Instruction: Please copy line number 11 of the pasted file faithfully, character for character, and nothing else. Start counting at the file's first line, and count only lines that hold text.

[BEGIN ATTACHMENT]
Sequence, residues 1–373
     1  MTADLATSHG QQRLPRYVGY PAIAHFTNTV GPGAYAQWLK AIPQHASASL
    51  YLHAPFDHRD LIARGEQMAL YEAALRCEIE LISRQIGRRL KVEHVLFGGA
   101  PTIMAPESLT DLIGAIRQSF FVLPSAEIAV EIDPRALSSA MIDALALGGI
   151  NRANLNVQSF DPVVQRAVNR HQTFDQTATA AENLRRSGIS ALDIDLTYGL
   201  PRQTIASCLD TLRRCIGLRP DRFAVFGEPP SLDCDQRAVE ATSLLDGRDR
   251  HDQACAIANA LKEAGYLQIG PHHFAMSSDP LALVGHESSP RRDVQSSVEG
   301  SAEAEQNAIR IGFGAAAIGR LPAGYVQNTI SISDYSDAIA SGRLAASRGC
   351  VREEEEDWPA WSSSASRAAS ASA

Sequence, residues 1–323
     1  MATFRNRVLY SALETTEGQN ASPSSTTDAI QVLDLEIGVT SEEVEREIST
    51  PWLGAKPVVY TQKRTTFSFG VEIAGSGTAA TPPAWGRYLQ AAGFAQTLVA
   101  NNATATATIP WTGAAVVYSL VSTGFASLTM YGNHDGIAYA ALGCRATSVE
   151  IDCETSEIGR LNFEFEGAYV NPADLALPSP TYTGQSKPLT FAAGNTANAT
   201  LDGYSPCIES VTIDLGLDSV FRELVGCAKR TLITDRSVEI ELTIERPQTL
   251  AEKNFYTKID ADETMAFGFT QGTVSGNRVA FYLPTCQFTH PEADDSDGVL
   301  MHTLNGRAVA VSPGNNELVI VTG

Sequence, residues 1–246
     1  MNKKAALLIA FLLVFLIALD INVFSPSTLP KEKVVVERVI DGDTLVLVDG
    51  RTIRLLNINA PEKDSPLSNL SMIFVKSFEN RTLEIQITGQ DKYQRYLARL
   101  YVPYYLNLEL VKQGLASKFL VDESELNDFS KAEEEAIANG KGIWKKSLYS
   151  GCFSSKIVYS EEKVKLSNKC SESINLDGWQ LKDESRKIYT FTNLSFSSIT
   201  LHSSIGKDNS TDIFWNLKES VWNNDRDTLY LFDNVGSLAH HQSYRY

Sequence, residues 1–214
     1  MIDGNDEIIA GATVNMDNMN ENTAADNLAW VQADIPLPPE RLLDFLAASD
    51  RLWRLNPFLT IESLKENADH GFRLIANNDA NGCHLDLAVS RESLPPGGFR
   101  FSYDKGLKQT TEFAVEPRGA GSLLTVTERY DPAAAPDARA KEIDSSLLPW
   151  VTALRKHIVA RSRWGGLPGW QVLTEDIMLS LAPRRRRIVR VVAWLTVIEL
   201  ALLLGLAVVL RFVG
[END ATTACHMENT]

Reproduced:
     1  MATFRNRVLY SALETTEGQN ASPSSTTDAI QVLDLEIGVT SEEVEREIST